The third quarter of 2018 marks the 10th consecutive quarter of declining business confidence, the most prolonged period of pessimism since the 2008 global financial crisis, according to a recent CBI/PwC Financial Services Survey of 100 firms.

The deterioration of mood in banking and investment management was particularly widespread. Only finance houses reported an improvement in optimism.


Overall business volumes increased slightly in the three months to September, although the level of business dipped slightly below normal. Evaluating 2018’s final quarter, business volumes are expected to remain stagnant and unchanged, giving way to the weakest growth expectations since 2009, the survey said.

Over the past year, 42% of firms claimed they had a harder time hiring new employees when asked about recruitment. Almost half of firms said skills shortages could constrain business expansion in the year ahead – the highest share since the start of the survey in 1989 – particularly when looking to recruit IT workers for the coming year.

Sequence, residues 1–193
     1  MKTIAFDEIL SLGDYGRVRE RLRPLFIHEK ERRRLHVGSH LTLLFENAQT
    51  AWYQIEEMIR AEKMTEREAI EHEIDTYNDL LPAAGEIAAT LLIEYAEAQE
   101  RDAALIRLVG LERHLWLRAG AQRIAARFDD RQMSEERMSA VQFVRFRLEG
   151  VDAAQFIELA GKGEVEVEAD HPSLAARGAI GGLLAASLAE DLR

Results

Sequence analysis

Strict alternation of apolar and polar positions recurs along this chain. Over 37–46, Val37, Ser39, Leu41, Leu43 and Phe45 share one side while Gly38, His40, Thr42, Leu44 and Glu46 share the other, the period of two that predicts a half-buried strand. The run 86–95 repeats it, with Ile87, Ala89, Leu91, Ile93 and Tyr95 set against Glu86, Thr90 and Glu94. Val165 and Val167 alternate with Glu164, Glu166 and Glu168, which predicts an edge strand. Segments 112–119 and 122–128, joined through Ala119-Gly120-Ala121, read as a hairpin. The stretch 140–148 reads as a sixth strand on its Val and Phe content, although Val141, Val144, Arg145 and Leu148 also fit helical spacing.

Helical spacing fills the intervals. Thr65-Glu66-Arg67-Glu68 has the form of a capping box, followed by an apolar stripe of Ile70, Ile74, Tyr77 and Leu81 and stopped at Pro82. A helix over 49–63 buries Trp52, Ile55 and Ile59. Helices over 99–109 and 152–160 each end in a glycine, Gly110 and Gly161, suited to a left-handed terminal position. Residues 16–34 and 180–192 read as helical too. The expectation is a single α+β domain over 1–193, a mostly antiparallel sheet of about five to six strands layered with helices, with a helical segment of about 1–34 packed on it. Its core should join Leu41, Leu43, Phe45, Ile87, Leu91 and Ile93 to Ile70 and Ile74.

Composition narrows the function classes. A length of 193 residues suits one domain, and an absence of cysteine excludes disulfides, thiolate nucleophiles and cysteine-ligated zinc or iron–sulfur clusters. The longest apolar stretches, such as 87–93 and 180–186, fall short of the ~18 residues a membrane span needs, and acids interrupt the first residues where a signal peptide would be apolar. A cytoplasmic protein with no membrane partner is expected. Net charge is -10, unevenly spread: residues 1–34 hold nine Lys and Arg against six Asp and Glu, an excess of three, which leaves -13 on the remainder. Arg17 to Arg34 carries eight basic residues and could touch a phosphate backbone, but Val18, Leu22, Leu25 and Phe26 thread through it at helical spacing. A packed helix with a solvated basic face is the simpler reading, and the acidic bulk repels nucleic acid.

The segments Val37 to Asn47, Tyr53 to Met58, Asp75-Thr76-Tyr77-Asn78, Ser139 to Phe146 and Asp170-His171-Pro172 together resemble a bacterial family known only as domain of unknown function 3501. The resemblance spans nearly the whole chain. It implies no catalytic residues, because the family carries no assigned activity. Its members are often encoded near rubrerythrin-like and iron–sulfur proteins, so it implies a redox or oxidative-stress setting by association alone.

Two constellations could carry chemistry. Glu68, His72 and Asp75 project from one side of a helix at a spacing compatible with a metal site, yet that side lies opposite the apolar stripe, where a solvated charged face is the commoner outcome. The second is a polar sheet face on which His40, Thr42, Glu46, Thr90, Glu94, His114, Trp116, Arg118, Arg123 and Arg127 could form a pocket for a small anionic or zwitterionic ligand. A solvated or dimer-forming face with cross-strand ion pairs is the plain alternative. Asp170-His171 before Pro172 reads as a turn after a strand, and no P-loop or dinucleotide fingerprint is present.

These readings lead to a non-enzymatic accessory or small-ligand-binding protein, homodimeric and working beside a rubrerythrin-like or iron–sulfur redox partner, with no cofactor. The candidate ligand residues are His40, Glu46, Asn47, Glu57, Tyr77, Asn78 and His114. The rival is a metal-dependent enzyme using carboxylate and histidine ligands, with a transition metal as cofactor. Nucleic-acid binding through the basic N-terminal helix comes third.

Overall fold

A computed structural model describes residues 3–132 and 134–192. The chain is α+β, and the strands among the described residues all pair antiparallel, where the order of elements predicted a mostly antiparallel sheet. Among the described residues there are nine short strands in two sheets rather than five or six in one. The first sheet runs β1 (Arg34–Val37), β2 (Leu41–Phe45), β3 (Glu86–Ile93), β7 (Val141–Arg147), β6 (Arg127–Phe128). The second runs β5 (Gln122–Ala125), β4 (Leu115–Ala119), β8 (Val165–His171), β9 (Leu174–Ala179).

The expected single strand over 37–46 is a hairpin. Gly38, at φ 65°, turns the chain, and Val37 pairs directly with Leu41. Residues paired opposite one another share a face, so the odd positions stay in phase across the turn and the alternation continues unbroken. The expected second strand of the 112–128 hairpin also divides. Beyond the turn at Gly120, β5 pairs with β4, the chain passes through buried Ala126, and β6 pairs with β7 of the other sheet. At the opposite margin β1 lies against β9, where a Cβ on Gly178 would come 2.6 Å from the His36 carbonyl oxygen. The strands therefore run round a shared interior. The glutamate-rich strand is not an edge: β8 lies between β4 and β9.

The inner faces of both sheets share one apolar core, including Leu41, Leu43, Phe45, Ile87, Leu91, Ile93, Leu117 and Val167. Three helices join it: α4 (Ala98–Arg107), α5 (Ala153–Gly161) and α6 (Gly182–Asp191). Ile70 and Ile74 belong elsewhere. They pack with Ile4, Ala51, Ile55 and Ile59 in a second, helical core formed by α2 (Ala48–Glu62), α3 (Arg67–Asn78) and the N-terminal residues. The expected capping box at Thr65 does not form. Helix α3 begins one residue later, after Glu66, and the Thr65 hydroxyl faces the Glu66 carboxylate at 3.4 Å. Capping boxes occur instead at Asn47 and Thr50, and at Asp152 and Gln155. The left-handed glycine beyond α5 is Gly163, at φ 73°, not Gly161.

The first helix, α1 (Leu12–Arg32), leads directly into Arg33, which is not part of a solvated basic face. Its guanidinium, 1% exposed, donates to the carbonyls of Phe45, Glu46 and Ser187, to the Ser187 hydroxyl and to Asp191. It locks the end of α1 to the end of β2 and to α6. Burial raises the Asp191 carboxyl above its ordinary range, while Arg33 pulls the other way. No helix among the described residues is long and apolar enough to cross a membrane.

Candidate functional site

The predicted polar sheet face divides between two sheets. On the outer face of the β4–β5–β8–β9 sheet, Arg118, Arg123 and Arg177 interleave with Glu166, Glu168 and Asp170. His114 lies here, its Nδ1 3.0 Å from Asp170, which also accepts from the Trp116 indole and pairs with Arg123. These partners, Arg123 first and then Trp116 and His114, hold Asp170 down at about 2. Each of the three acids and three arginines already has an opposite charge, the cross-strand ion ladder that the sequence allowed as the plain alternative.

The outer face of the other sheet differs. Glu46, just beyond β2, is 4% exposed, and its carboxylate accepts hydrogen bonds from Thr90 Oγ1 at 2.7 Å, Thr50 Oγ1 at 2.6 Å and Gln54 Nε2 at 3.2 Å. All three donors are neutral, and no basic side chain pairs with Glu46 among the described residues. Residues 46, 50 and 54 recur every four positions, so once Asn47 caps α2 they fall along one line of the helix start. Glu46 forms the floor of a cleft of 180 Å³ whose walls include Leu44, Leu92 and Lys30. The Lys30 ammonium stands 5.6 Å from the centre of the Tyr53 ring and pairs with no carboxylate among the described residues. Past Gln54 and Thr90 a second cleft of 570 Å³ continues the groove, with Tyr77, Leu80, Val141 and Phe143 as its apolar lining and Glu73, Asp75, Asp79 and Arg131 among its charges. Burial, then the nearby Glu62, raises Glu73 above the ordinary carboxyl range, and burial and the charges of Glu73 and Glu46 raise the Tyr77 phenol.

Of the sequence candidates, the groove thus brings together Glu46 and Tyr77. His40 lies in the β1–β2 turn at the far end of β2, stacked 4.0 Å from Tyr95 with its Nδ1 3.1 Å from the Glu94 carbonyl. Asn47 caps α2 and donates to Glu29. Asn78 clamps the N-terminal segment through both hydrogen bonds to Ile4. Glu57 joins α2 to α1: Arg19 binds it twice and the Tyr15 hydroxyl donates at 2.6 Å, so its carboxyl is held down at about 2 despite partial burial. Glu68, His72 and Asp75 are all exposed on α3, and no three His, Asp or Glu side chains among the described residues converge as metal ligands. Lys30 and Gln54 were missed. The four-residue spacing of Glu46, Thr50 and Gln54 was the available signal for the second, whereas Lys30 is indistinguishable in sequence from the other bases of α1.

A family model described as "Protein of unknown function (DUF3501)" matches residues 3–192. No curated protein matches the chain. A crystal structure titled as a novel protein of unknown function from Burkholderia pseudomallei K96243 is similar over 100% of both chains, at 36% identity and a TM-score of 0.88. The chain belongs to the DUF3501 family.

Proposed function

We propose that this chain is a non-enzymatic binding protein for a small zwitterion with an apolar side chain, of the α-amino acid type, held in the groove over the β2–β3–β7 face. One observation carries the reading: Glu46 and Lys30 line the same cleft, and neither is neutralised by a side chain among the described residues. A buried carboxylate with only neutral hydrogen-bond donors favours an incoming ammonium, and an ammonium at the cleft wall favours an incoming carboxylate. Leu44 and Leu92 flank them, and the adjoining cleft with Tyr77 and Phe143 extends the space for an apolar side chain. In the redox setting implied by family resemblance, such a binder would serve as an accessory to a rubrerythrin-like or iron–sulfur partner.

“While it’s good to see that demand for financial services is holding up, with business volumes edging higher last quarter, it’s simply impossible to ignore the dangerous signs of strain on the sector arising from the combined challenges of a subdued economy, Brexit, regulation and rapid advances in technology,” said Rain Newton Smith, CBI chief economist.

“For the sector to continue to be one of the UK’s most attractive economic assets, it is fundamental that a Withdrawal Agreement with the EU is agreed. This will provide temporary but essential relief for financial services firms of all sizes. Then attention can turn to the vital task of finalising our future economic relationship with the EU, in which services need to play a pivotal part.”

In 2017, greenfield FDI into the UK declined across project numbers (-10%), capital investment (-5%) and jobs created (-11%) - according to fDi Markets. For 2018, the number of FDI projects into the UK is on track for a record low since 2009.